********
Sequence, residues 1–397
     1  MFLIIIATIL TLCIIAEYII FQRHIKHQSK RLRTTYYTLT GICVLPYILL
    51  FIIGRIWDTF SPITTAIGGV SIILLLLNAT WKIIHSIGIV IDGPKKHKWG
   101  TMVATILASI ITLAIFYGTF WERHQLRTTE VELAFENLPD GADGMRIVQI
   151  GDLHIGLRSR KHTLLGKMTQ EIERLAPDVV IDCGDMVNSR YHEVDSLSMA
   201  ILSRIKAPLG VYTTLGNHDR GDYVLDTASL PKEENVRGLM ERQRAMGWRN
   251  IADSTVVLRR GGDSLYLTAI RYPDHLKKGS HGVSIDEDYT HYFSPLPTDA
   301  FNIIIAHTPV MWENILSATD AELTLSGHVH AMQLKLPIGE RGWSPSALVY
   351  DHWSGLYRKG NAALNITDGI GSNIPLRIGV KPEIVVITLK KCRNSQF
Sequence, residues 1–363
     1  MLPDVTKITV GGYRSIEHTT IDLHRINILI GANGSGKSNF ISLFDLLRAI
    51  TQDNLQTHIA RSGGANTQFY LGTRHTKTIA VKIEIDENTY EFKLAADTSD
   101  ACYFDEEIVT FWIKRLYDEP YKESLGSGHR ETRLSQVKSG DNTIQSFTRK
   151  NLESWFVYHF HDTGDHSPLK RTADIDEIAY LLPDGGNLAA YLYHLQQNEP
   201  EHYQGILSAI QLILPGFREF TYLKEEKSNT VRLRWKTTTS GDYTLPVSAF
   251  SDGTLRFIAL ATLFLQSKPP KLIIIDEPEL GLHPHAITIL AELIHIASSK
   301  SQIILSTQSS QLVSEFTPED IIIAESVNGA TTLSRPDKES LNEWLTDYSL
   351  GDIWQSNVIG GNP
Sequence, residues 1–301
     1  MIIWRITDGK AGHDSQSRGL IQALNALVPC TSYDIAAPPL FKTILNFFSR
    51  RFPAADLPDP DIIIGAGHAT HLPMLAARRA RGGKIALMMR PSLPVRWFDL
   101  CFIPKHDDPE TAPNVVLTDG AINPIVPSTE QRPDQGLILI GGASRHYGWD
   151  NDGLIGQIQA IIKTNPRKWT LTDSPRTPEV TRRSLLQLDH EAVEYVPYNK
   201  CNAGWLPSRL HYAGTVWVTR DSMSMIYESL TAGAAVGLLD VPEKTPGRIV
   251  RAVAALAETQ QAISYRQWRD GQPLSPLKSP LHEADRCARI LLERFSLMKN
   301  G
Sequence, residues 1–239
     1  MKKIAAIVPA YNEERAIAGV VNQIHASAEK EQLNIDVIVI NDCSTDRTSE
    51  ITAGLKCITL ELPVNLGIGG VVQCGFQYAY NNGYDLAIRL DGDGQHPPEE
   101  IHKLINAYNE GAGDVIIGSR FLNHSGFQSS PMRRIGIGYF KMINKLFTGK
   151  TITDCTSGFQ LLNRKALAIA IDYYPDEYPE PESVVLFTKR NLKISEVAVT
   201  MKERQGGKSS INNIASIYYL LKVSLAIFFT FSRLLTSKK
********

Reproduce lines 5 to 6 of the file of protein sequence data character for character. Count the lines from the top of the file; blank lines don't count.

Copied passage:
   151  GDLHIGLRSR KHTLLGKMTQ EIERLAPDVV IDCGDMVNSR YHEVDSLSMA
   201  ILSRIKAPLG VYTTLGNHDR GDYVLDTASL PKEENVRGLM ERQRAMGWRN